In a recent victory for Texans, the Texas Legislature has passed a law that will require insurers and other health plan operators to compromise any subrogation claim or claim for reimbursement from a plaintiff when that plaintiff has not been made whole – regardless of the language in the health plan.
Prior to this law being enacted (it becomes effective on 1/1/14), plaintiffs argued that insurance companies seeking reimbursement should be limited by the common law doctrine known as the “made whole” doctrine, which is an equitable defense to the subrogation or reimbursement rights of an insurance carrier or other party. The doctrine required that before subrogation and/or reimbursement would be allowed, the injured party (i.e. the plaintiff) must be “made whole” for all of his damages. However, in 2007, the Texas Supreme Court struck down this doctrine when the health plan document provides a clear and specific right of subrogation. Due to this Supreme Court decision, injury victims who files suit were often forced to pay large liens that left them with little, and sometimes no, compensation for their injuries.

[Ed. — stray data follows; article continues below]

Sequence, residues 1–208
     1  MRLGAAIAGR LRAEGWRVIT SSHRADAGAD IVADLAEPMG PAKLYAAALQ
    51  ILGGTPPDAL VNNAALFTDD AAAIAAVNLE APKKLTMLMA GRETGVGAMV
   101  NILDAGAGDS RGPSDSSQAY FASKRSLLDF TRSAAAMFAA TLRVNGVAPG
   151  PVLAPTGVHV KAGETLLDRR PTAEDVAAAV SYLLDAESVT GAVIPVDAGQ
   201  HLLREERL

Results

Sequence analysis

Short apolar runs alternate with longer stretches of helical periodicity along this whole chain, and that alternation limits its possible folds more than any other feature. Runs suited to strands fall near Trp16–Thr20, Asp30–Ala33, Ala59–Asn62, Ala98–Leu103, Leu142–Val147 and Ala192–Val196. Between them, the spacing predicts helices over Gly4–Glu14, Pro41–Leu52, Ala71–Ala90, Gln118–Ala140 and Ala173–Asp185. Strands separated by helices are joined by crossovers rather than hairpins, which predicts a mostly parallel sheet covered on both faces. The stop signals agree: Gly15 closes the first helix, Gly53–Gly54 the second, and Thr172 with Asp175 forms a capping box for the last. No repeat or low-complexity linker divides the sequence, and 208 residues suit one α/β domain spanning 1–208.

Under the new law, insurance companies (or other claimants) will have to compromise their claims when an injured party has not been made whole regardless of the contract language.
The full text of the law can be read here.